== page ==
Tip 5 – Become a cycle spud
Even if you’re a regular cyclist, it always pays to load up the seat, cargo bike or trailer with something heavy (a sack of potatoes is perfect!) and get used to the effect this has on your stability, braking and riding style before you take a passenger on board.
Tip 6 – Start slowly
When the time comes for you to start cycling with a small child in a bike seat, cargo bike or trailer, take it easy. Plan your route carefully, and don’t try and do too much on the first ride.
You both need to get used to the experience (although they’ll probably be less phased about it than you).
Where possible start off road – flat cycle paths along disused railways are often ideal starting places.
Tip 7 – Don’t avoid roads at all costs
It is cycling on the road that tends to scare people the most and with very good reason. However, if you are going to get out and about, you are likely to have to cycle on road at some point.
Try and avoid rush hour and school chucking out times, and plan your route carefully to avoid main roads. It may help to ride a new route several times without your child on board so you’re aware of exactly where any difficult points may be.
There are many training courses available to help you cycle in traffic, so look out for one in your local area. Tell the provider you want to start start cycling with a small child in a bike seat, cargo bike or trailer, and they may well be able to tailor the course to suit this.
Tip 8 – Make sure you are fit enough
Carrying the weight of your child makes cycling much harder than you may be used to. Make sure you are fit enough to make the return journey.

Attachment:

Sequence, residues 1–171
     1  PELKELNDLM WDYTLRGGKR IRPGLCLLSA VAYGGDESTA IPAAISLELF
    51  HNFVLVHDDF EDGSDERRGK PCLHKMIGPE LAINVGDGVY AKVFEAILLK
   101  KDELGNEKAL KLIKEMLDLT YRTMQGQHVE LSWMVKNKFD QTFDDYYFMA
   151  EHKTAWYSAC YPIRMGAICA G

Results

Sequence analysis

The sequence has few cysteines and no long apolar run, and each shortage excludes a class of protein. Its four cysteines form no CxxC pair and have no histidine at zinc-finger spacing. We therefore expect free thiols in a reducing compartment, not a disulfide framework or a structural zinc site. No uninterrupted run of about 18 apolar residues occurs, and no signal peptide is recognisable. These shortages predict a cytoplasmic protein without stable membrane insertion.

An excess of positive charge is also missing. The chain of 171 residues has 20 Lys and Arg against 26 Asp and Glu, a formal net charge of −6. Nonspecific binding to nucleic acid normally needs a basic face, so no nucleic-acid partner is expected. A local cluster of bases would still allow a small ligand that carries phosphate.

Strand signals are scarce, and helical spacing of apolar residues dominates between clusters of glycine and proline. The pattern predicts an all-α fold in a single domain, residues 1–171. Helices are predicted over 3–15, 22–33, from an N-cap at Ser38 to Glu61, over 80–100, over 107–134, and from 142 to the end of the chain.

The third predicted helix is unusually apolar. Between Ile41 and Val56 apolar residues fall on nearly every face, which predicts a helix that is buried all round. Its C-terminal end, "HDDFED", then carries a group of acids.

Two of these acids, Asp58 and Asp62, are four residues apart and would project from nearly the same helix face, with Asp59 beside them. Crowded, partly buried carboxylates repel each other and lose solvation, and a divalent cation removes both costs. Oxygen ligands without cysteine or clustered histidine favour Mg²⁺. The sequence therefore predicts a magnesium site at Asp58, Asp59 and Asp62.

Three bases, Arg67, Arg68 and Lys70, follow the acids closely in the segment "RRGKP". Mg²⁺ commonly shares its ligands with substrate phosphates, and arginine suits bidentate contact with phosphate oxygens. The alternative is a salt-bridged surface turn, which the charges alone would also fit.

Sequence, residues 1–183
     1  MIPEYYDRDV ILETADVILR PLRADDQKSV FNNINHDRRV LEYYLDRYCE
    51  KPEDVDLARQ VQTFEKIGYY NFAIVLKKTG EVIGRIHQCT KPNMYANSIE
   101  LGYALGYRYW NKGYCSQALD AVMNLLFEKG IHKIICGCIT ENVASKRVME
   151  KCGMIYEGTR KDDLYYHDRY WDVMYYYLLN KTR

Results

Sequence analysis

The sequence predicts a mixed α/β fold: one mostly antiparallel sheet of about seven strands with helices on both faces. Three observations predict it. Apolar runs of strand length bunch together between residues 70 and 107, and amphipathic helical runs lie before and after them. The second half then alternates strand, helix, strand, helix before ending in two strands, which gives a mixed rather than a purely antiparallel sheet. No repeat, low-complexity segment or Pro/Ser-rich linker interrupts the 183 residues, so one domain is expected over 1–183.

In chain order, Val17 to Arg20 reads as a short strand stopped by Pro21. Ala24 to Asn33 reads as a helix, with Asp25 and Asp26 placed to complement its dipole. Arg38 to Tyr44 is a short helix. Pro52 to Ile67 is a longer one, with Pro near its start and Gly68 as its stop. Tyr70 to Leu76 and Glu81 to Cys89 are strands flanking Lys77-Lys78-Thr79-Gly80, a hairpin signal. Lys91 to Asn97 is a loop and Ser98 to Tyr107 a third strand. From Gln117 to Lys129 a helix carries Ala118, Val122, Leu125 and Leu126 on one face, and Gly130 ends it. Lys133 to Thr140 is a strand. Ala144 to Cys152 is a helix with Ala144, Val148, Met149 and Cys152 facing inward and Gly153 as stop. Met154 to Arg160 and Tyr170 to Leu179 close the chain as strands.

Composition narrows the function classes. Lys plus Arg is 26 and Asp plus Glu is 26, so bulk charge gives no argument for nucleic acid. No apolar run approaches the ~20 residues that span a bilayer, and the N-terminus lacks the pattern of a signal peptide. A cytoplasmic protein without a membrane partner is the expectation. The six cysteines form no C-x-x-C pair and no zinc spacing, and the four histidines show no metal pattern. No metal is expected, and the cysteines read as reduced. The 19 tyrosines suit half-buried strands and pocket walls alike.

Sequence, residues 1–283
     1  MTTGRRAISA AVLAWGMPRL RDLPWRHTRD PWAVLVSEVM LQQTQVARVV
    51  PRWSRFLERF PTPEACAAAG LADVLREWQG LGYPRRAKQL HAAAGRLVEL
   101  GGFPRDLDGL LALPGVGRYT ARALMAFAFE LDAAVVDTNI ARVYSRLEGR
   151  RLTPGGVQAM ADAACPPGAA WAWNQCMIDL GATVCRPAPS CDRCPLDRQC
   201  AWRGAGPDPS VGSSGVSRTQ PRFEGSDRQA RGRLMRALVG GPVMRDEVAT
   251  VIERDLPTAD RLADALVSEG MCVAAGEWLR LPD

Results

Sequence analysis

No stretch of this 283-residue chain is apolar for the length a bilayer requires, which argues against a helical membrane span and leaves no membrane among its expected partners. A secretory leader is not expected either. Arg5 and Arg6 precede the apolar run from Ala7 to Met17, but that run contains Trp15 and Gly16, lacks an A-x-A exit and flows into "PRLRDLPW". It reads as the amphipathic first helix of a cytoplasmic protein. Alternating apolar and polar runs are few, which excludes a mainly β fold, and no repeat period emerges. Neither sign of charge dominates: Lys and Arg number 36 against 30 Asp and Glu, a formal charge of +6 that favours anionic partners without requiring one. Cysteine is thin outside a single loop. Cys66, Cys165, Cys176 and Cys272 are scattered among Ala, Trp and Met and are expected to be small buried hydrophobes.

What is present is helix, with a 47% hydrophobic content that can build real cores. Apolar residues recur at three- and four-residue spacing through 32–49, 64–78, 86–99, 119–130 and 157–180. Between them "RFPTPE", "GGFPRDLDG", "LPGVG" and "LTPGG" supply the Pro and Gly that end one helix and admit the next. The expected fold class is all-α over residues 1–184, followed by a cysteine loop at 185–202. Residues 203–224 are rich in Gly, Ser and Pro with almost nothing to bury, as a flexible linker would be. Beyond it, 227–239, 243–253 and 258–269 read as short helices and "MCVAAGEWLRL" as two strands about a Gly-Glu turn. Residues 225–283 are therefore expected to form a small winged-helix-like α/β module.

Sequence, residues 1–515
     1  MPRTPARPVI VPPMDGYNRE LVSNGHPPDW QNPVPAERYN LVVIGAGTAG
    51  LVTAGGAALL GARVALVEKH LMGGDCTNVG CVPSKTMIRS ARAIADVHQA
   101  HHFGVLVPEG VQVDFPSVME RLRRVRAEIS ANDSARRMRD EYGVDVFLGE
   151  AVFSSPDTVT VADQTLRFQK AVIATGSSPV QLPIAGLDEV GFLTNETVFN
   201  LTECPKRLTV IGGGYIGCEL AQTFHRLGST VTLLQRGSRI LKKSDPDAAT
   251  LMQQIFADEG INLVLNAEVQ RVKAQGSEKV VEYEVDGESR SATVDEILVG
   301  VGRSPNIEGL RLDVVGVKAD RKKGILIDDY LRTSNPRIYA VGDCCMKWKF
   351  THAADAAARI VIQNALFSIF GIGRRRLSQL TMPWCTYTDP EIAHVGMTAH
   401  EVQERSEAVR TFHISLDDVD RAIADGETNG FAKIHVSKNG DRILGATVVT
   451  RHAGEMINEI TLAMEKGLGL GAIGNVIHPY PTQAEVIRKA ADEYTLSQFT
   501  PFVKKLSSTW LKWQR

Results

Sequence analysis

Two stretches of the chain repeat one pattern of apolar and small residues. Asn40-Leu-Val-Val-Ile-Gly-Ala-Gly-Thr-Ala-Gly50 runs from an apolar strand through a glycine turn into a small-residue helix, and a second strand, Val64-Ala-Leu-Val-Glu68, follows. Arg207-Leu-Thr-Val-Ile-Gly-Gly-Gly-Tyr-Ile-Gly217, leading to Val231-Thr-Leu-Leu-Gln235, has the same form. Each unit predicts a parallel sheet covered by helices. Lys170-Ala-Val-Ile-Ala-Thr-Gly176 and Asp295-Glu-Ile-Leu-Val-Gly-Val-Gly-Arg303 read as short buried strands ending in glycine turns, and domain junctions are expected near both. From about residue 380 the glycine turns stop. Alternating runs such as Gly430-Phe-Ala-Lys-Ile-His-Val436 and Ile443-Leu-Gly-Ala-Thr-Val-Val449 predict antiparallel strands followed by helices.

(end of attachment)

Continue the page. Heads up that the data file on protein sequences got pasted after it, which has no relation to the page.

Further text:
If you are recovering from child birth and pregnancy then make sure you are fully fit before starting to transport them on your bike – always check with your midwife or doctor before starting cycling again.
Tip 9 – Secure your child
Always read the manufacturers instructions for fitting and using your bike seat or pullalong. Make sure your child is properly strapped in, and there are no loose straps, scarves or toys that will interfere with the mechanisms of your bike.
Tip 10 – Practice getting the child in and out before you set off
Tip 11 – Enjoy yourselves
This is the most important bit!!! Cycling with your little one is great fun, so do try and relax and enjoy it. Hopefully this will be the start of many miles great rides out together.
So, these are our top 10 tips on how to start cycling with a small child in a bike seat, cargo bike or trailer – we’d love to hear how you get on. Let us know via our Facebook page, or tag #cyclesprog on Instagram for a repost.
If you feel you’re ready to take the next step, check out these articles:
- The best rear bike seats for toddlers and small children
- Best bike trailers
- The best front bike seats for toddlers and young children
- The best front mounted bike seats for older kids
- Choosing the best cargo bike for your family
- Keeping warm on a bike seat – great ideas to keep the cold at bay
- What’s it like using a cargo bike for the first time?
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This post was first published in January 2013, and updated in May 2021